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In the media

Boris and Joe, reliability, love, and money

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By Ganesha811, 3family6, and Smallbones

Boris gives Joe an outstanding present

A diplomatic exchange of gifts involving a photo on Commons (right) was thoroughly dissected by The Washington Post, The Independent, The Times and many other newspapers.

US President Joe Biden gave UK Prime Minister Boris Johnson a $6,000 bicycle. Boris gave Joe a photograph of a mural in Edinburgh of Frederick Douglass taken from Commons. An earlier version of the story in The Times suggested that Boris' present was not really adequate. Sorry, I didn't archive the earlier story in time, but in any case The Signpost disagrees. It's wonderful that Johnson recognized the importance of US–UK shared history—including Douglass's life and general race relations in both countries. It's even better that Johnson gave a freely licensed photo available on Commons. Why waste the taxpayers' money when such a thoughtful gift is libre as well as gratis.

The photographer Melissa Highton gives due credit to the muralist Ross Blair (AKA TrenchOne). Highton is a dual US–UK national with roots in Maryland and Scotland. She says that the "incident gained a wee bit of media coverage" and that it "just goes to show that serendipitous things happen when you share openly."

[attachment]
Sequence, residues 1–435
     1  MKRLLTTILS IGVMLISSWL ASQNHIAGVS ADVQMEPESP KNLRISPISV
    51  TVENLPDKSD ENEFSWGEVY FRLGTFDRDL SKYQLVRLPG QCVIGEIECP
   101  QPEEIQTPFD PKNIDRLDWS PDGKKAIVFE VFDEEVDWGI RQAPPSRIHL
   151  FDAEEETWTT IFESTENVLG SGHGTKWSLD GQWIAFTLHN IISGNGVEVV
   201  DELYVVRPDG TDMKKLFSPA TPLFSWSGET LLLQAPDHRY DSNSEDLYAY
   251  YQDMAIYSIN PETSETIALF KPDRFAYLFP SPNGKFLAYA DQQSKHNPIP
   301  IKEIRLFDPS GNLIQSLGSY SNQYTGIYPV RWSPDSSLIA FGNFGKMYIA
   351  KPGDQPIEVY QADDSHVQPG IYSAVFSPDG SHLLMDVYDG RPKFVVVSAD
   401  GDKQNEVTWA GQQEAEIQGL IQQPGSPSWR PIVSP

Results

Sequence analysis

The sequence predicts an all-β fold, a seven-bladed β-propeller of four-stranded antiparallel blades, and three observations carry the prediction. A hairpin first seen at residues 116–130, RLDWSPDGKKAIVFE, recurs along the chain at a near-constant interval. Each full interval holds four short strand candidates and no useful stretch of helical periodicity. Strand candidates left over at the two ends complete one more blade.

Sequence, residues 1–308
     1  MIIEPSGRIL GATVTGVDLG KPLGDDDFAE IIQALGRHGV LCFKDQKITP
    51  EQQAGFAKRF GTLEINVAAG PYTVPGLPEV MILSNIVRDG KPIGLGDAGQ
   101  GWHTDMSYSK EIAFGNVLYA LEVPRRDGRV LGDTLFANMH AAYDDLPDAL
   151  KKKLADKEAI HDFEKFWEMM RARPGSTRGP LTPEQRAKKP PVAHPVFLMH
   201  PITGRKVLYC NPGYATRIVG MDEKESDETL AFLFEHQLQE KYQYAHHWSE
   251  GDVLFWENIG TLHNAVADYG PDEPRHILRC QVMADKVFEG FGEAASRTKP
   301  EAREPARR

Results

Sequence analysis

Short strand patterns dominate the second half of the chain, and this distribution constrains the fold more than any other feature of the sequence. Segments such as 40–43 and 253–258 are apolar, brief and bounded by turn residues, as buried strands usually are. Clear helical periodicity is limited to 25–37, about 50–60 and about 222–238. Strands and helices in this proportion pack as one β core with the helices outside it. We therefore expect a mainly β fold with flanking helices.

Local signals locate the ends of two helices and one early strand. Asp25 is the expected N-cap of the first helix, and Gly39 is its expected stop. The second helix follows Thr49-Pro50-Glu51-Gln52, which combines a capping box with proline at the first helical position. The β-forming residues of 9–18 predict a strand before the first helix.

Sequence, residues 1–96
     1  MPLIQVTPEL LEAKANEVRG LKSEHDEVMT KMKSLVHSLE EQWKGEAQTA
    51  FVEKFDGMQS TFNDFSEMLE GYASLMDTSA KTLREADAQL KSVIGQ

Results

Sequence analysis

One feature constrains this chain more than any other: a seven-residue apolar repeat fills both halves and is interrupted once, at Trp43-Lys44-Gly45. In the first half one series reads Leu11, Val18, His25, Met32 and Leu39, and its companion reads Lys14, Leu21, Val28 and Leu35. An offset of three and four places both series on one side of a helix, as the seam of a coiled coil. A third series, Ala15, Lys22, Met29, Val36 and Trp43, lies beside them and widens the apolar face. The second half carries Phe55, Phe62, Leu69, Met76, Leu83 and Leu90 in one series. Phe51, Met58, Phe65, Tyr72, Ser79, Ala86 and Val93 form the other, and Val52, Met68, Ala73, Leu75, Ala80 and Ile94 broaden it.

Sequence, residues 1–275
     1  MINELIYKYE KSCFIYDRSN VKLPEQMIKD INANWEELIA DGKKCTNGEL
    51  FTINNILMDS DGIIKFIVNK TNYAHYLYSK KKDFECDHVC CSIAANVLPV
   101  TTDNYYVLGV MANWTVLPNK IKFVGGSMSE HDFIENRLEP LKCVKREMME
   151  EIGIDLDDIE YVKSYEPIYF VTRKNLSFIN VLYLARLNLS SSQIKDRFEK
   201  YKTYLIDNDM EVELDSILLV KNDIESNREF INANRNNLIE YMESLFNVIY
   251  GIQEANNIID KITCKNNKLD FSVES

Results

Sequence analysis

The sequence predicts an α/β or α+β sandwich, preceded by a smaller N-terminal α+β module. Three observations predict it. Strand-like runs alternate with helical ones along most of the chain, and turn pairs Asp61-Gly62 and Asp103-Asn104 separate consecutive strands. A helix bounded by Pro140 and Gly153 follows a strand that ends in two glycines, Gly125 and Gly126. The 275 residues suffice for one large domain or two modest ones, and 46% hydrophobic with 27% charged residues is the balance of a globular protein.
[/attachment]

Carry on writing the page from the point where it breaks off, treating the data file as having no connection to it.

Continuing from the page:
More prime ministers and presidents should give such gifts. We welcome readers' suggestions in the Comments section below on what Commons photos their political leaders should give to other countries' leaders. Be sure to include the filename, e.g. for Biden to France's Emmanuel Macron, include [[:File:New Colossus manuscript Lazarus.jpg]], with a colon in front of "File".

The most reliable source on the internet?

PC Magazine interviews Amy Bruckman, Professor at Georgia Tech, and a keynote speaker at the upcoming IntelliSys 2021 Conference, who also edits Wikipedia occasionally. She states:

The content of a popular Wikipedia page is actually the most reliable form of information ever created. Think about it—a peer-reviewed journal article is reviewed by three experts ... and then is set in stone.... A popular Wikipedia page might be reviewed by thousands of people. If something changes, it is updated.... On the other hand, a less popular Wikipedia page might not be reliable at all.

Her book Should You Believe Wikipedia? will be published in 2022 by Cambridge University Press.

Canada's Global News offers a slightly different perspective but concludes with similar advice.

Arabic Wikipedia grows in size and scope